Distraction

Distraction

[dih-strak-shuhn]
Distraction is the diversion of attention of an individual or group from the chosen object of attention onto the source of distraction. Distraction is caused by one of the following: lack of ability to pay attention; lack of interest in the object of attention; greater interest in something other than the object of attention; or the great intensity, novelty or attractiveness of something other than the object of attention. Distractions come from both external sources (physical stimuli through the five senses), or internal sources (thought, emotion, fantasies, physical urges). Divided attention, as in multi-tasking could also be considered as distraction in situations requiring full attention on a single object (e.g., sports, academic tests, performance).

Distraction is a major cause of procrastination, though it is possible to be diligent and still diverted from what is valuable. According to philosopher Damon Young, distraction is chiefly an inability to identify, attend to or attain what is valuable, even when we are hard working or content.

Distraction by media

The media (television, reading, video games), can be a great source of distraction.

In many cases, media is viewed as more entertaining than the object of attention. The brightly colored images and appealing sounds also divert attention. The case of Shawn Woolley was a very extreme case; he became particularly involved in the computer game Everquest and quit his job to dedicate up to 12 hours a day playing the game.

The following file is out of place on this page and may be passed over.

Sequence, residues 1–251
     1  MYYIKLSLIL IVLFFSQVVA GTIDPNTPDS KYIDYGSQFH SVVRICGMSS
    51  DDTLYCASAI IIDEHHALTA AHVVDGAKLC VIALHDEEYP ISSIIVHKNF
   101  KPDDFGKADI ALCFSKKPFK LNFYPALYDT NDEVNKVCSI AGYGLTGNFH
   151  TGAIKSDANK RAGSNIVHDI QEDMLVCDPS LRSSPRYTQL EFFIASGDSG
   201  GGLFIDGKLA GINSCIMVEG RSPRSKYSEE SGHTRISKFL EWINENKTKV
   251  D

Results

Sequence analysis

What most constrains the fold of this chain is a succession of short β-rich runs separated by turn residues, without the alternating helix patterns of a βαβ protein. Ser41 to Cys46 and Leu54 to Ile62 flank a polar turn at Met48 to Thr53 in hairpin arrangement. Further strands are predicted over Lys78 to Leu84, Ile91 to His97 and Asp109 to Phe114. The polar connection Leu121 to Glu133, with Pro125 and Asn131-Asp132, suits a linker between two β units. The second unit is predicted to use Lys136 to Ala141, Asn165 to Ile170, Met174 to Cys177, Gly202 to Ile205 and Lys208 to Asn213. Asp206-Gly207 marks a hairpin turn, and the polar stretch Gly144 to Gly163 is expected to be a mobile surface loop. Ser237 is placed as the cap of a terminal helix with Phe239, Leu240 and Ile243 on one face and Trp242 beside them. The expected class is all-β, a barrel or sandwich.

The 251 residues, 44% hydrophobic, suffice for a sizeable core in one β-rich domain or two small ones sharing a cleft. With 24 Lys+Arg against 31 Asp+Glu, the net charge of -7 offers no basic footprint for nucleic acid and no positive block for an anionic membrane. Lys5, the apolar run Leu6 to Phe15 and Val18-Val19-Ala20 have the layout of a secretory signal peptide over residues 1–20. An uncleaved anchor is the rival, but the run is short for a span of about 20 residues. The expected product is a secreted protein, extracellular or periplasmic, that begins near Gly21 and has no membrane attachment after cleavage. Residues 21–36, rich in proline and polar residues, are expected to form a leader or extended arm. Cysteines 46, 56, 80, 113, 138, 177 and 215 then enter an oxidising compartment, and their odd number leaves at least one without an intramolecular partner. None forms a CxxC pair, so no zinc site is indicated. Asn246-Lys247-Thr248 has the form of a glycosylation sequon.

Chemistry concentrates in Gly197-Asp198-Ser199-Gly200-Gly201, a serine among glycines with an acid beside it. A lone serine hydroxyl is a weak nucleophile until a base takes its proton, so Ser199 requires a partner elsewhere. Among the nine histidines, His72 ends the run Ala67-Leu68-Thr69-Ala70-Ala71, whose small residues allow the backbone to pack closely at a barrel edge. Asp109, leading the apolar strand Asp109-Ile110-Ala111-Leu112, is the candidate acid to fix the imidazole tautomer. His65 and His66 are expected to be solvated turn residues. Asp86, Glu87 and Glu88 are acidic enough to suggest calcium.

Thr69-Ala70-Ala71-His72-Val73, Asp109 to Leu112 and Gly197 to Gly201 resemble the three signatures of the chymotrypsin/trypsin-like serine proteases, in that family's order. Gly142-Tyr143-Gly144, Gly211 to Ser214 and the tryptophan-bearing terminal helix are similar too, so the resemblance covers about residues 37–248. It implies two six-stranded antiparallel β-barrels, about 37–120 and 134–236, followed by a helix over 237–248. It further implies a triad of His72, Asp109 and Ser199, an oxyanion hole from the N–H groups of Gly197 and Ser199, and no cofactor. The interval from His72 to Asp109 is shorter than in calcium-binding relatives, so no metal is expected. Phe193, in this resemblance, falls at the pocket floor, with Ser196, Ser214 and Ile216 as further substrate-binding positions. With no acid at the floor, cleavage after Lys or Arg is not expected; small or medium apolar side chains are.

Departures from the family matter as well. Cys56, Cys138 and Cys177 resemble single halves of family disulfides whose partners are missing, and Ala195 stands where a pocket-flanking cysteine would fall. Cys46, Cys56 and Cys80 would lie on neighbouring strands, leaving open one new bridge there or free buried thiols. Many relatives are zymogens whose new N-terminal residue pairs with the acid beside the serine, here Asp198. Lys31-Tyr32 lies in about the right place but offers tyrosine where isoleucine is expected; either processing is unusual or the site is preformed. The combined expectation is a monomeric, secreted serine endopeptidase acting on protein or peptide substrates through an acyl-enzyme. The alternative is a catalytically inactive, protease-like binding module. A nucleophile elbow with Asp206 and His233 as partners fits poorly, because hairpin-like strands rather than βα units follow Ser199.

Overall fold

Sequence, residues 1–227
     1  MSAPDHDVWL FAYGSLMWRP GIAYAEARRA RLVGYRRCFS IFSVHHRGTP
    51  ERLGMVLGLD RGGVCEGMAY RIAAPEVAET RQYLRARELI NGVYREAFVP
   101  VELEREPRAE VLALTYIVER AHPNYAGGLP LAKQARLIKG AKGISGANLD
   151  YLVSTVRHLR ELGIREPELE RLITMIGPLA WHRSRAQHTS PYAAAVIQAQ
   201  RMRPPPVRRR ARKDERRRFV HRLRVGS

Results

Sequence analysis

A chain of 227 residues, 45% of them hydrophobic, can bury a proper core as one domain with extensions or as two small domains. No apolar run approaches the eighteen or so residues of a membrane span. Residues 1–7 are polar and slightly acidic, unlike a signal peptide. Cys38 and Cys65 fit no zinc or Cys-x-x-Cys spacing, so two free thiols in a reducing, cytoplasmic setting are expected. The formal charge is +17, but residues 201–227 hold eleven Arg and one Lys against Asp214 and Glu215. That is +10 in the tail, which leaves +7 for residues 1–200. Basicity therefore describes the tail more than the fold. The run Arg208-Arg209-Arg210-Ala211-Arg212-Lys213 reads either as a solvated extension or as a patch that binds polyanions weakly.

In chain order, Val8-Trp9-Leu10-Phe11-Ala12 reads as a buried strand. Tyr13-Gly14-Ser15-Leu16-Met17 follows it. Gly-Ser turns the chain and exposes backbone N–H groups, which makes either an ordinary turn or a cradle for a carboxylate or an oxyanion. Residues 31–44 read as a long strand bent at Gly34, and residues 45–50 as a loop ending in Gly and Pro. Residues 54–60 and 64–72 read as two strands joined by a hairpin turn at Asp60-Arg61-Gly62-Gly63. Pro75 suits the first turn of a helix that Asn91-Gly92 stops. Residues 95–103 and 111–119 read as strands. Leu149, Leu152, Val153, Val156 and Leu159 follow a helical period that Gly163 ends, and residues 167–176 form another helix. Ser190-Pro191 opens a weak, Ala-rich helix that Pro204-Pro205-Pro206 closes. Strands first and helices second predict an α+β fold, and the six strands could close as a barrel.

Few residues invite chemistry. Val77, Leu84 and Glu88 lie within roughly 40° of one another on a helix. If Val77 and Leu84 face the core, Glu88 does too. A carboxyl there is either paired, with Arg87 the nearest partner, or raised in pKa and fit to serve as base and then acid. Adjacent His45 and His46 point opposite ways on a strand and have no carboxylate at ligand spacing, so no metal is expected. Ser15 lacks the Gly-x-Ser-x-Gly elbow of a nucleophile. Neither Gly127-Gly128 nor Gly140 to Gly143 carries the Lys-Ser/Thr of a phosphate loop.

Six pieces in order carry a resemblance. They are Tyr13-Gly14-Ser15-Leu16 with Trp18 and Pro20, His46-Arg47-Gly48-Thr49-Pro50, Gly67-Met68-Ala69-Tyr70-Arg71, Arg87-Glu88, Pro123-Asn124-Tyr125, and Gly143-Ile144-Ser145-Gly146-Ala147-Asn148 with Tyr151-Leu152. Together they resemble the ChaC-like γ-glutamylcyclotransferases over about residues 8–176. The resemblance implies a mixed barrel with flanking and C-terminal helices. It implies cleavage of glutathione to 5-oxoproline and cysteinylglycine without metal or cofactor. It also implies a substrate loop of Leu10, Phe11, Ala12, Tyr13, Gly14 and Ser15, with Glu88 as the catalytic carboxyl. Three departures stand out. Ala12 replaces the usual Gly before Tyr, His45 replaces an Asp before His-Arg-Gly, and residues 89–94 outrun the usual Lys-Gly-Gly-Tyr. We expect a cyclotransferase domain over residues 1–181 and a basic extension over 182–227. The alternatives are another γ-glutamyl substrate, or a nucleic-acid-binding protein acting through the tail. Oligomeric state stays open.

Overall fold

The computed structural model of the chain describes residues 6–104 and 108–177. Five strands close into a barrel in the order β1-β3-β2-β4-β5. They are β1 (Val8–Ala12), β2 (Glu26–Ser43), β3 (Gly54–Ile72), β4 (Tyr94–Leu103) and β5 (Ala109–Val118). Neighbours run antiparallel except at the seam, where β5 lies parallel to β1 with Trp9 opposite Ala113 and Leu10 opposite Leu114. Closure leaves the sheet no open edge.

Distraction in wildlife, warfare, medicine and crime

  • Fake targets:
    • In open field with mass military strategy, sometimes a contingent of troops is used to distract the enemy army so their flank is exposed, or to draw them away from a key point or fortification, such as a city.
    • Flares can be used to divert the enemy soldiers' gaze
  • Distraction is useful in the management of pain and anxiety. Dentists, for example may intentionally hum an annoying tune or engage in small talk just to distract a patient's attention away from the dental drill. Doctors may prescribe topical ointments containing capsaicin, which produces a superficial burning sensation that can temporarily distract a patient's attention away from the deeper pain of arthritis or muscle strain.
  • Pickpockets and other thieves, especially those working in teams, sometimes apply distraction, such as asking a question, bumping into the victim, or deliberately dirtying the victim's clothing and then "helping" him/her to clean it.
  • Animals with fake eyes on their back distract their predators with the fake eyes.
  • Physical distraction may occur or be applied through various forces like gravity or magnetism. For example, electromagnetic energy from a cathode ray tube (which composes a television screen) can cause distraction.

See also

External links

Search another word or see distractionon Dictionary | Thesaurus |Spanish
Copyright © 2014 Dictionary.com, LLC. All rights reserved.
  • Please Login or Sign Up to use the Recent Searches feature
FAVORITES
RECENT

;